- There have been several discussions about doing design work in discovery, Kuba Bartwicki wrote in defense of sometimes starting with solutions, and Steve Messer similarly wrote about starting with solutions (which includes a diagram I made about how to triage UX work into delivery that I've been talking about for years but finally created for work and may turn into its own blog post)
- You know that funny but true org map about different big tech companies? I’ve finally found the original sources
- Craig Abbott has written a bit recently, in stop trying to recruit unicorns with acorns he talks about the dissonance between what accessibility specialists are expected to do with the compensation (comparative to the high salaries of tech at least). Accessibility and web chat does what it says on the tin.
- The GOV.UK Design System team invested in team coaching and has seen results (props to the intrepid Imran)
- Ros Boyes of HMTCS has written about How to grow capability across UCD disciplines with a ‘design a service in a day’ workshop
- Simon Duncan writes about designing an IT department for a world defined by change — for my sins, I hadn’t actually read Simon Wardley’s doctrines, but they are nice heuristics (common language and transparency sounds easy but aren’t)
- “We also need to stop making big bets on enterprise IT, and seductive silver bullets that have a frightening tendency to end up in our own feet.” Mike Bracken’s take on avoiding another Horizon. Also good analysis: Dafydd Vaughn’s ‘repeating patterns’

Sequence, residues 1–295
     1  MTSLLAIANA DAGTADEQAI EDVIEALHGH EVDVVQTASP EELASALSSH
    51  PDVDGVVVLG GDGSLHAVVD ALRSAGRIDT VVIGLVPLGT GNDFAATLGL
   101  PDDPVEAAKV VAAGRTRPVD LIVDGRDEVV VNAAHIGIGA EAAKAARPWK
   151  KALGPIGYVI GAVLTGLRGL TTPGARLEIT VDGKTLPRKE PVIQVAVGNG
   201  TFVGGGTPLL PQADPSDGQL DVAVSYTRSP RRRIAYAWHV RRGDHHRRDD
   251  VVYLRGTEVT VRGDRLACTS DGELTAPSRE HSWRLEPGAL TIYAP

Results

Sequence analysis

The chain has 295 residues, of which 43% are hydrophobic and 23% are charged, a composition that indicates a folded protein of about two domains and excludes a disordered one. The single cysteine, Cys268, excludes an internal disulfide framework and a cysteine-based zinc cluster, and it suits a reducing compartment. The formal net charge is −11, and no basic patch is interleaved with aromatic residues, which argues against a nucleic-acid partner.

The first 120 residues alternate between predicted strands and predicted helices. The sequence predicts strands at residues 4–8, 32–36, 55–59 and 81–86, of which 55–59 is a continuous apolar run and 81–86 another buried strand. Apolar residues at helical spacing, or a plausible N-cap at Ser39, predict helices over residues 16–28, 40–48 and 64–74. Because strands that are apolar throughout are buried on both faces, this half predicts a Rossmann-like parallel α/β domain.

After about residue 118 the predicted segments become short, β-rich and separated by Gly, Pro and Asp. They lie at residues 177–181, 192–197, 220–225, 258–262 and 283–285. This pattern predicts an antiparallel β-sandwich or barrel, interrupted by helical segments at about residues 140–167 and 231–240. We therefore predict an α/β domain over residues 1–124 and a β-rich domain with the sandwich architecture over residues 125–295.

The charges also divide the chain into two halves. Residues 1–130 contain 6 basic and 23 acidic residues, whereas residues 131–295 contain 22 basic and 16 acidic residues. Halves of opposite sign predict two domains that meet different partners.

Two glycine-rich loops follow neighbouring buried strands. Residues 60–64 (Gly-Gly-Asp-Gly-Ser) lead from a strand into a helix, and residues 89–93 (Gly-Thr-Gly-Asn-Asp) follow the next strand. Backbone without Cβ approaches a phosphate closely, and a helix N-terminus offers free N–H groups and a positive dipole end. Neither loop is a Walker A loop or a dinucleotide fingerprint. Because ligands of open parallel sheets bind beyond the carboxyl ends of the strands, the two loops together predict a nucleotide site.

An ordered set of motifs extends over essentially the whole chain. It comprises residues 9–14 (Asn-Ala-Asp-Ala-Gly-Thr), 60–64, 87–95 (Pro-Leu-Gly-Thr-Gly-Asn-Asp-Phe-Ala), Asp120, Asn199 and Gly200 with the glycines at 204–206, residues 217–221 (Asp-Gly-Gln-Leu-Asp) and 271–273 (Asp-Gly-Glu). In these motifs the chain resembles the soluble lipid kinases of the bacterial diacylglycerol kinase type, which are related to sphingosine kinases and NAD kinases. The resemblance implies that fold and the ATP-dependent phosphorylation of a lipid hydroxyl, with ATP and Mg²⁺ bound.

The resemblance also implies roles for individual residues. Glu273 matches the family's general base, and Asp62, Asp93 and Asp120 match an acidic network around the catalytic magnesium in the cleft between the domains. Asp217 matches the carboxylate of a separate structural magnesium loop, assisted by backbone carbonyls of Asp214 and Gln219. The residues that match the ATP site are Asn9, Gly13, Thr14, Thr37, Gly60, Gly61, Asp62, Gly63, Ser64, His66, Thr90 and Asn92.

- From last year, Duncan Brown’s talk to GOV.UK developers about forgetting and remembering through decision documents (though yet another blog where it’s hard to find the name of the author!) Also on decision making: good decision making video by Sensible Tech.
- speaking of remembering, more happening over at DfE on their research ops and standards and assurance
- Alex Lee talks about going beyond prototypes for sharing work. Someone has actually asked if I could make videos about prototyping—I'll be honest that I put it off partly because of general video terror but also as it takes ages to caption stuff…
- Kara Kane, Martin Jordan and Viktoria Westphalen have written about organising the 24-hour international design in government event. And the Formfest 2023 videos are up.
- because I am old, I have only just discovered the treadmill strut trend. I tried out the Taylor Swift treadmill strut playlist and to be honest found it a bit slow. I may need to do what others have done and amend the format to add inclines or do a longer workout. Still, it helped me get over a long time fear of treadmills (I tend to use ellipticals) so in that respect it's been great.
- my friend suggested I go to the cinema to see the Argentinian Trenque Lauquen Part 1 and 2. It’s indie filmmaking at its best: unpretentious and ingenious, with a second part that goes in a completely different direction to the first. I was reminded of William Gibson’s quote “the future is here, it’s just not evenly distributed” since for every person using a smartphone there is 90s library card systems, 80s lack of seatbelts and actual gauchos.
- I’ve been binge watching the Vanity Fair videos with actors reflecting on their career or reflection on key scenes from their career.
- And the most wholesome meme of recent times has to be the University Challenge ‘we need jungle, I’m afraid’.